With trade deadline approaching, Royals GM Dayton Moore in no hurry to make a move

With trade deadline approaching, Moore looking to 2022

Lynn Worthy
The Kansas City Star (TNS)
Kansas City Royals general manager Dayton Moore discussed the teams trade deadline plans on Tuesday.

KANSAS CITY, Mo. — The rumors will likely continue until Friday's Major League Baseball's trade deadline, but Kansas City Royals general manager Dayton Moore certainly doesn't seem at all anxious to make a move.

Moore's focus and that of the baseball operations brain trust that has gathered in Kansas City this week has been on how best to shape the club for success next season and beyond. If Moore pulls the trigger on trade this week, that will most certainly serve as his guiding principle.

"I think anything that we would do at the deadline, regardless of what our record is, would be focused on that — how to be better in 2022," Moore said on Tuesday. "That is continuing as we go forward."

Friday at 3 p.m. Central time marks MLB's trade deadline. This time of year annually produces a flurry of transactions prompted by teams hopeful or desperate to augment their rosters, add depth and acquire talent to fill in holes created by injury or under performance.

The Royals entered Tuesday night's second game of their four-game series with the Chicago White Sox at Kauffman Stadium with a record of 43-55, bolstered by a recent six-game win streak. They sat 15 games back of the White Sox (59-41) in the AL Central and a long way from serious playoff contention.

While rumors continue to swirl around the idea of contending teams making overtures about acquiring Royals two-time All-Star infielder/outfielder Whit Merrifield, Moore indicated that he likely wouldn't be looking for prospects or minor-league talent in a potential deal for a player of Merrifield's profile.

The Royals' aim in any such deal would be to get back major-league caliber talent in order to deal away any of its players off of the major-league roster who are under contract for years to come and who are essentially pieces of the current club.

"That would be our preference," Moore said of wanting major-leaguers back in return. "Unless you've got such an impactful prospect going forward that there's no way you're going to pass up on a certain player. But if you're going to trade major-league talent that you control, you certainly — in my mind — want to try to get back other major-league players to multiply and spread out and utilize to build your roster in a more complete and balanced way. That would be the plan.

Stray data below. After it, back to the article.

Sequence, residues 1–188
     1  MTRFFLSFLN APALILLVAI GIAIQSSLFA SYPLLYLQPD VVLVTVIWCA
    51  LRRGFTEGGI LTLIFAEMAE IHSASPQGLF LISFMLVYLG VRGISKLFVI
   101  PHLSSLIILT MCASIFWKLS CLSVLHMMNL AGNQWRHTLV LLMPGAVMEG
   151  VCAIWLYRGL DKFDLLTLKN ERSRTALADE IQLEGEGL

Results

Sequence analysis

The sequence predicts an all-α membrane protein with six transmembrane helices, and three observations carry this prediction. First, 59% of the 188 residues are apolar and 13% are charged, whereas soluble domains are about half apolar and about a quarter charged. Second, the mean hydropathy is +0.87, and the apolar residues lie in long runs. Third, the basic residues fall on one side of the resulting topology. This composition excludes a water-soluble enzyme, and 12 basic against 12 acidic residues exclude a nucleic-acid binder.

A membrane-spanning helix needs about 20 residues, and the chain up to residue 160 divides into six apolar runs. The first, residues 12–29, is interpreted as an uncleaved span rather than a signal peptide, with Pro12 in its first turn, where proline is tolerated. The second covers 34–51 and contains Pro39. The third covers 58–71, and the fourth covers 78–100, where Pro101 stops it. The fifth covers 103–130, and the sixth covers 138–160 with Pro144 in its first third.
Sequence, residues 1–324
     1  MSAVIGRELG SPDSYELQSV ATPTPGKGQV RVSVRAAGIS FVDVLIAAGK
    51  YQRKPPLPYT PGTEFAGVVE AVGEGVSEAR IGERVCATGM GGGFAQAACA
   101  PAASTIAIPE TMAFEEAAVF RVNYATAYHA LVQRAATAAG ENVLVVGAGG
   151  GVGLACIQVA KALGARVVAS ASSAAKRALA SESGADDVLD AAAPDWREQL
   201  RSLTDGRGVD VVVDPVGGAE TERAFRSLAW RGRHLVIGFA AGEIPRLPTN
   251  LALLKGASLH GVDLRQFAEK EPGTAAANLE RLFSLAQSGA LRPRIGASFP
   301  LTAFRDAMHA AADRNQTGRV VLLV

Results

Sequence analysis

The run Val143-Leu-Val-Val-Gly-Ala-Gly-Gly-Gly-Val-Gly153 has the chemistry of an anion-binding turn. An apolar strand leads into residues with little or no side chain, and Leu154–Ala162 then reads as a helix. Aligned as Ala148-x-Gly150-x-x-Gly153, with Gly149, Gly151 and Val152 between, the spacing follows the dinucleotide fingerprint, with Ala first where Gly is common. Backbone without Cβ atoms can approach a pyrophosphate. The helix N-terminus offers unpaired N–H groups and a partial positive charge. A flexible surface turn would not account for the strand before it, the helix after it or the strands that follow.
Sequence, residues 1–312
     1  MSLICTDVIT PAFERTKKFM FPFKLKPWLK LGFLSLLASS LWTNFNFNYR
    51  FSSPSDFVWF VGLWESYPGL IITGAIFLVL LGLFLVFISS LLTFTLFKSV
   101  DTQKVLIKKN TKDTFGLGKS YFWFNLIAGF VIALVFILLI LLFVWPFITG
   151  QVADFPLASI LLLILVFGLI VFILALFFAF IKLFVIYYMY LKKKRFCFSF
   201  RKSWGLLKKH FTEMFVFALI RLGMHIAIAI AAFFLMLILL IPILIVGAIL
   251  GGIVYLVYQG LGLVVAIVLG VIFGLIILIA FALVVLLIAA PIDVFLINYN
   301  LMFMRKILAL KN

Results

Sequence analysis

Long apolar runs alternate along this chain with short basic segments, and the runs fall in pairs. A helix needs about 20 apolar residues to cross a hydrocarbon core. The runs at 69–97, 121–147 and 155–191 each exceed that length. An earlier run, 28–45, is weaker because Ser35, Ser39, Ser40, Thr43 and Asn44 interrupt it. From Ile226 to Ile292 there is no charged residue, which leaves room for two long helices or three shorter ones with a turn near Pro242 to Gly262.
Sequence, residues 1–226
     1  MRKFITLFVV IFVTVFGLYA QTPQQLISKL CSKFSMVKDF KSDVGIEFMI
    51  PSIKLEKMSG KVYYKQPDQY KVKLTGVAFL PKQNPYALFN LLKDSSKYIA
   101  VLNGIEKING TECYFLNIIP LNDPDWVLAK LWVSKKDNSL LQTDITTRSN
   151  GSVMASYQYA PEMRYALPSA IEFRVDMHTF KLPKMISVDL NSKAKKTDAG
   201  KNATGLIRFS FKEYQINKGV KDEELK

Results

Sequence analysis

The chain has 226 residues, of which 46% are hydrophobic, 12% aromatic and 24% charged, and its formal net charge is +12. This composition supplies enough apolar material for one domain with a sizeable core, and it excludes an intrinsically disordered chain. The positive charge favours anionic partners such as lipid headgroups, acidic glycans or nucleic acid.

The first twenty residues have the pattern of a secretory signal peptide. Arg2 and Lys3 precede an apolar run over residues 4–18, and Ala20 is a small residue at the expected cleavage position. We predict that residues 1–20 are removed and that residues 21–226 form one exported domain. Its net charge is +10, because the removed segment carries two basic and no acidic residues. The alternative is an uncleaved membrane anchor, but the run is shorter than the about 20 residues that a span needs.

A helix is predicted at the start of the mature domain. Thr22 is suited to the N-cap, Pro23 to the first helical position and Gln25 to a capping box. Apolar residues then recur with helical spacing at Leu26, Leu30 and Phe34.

"It's difficult to do this time of year, as well all know, just because of the nature of what everybody is dealing with in the playoffs."

While Moore did not discuss the likelihood of trading any particular players, he made clear his stance on players under club control for multiple years.

He also reasserted that the club's general philosophy is to "listen intently" on players who will be free agents at the end of this season.

This year, that group includes players such as designated hitter/outfielder Jorge Soler and veteran left-handed starting pitcher Danny Duffy as well as a group of veteran players currently on one-year contracts such as relief pitchers Greg Holland and Ervin Santana and outfielders Michael A. Taylor and Jarrod Dyson.

Duffy remains on the injured list with a left flexor strain. He went on the IL on July 20. Moore said on Tuesday that he's hopeful Duffy can return within the next 3-4 weeks.

Moore didn't outright dismiss the idea of trading to acquire players from another organization's farm system, but he said any deal to acquire minor-league prospects would have to bring back prospects of a significantly higher caliber than what they've already got in their own system.

"We'll evaluate every potential deal that's out there, but I would categorize it as we've really got to be overwhelmed if we're going to move one of our key contributors to this team and those players that we feel are key contributors into the future," Moore said. "... We're going to continue to trust our scouting and our player development to produce prospects and not necessarily rely on trades to strengthen our farm system."

Moore said discussions continue with multiple teams, as is common this time of year, but his comments made it sound as though any reports of a deal being imminent or in the works at this point would be premature.

He said his focus remained on being "disciplined" with the Royals' current core and building on it.

"It's still very early," Moore said. "A lot of the things that get done, oftentimes as we know, are at the last minute."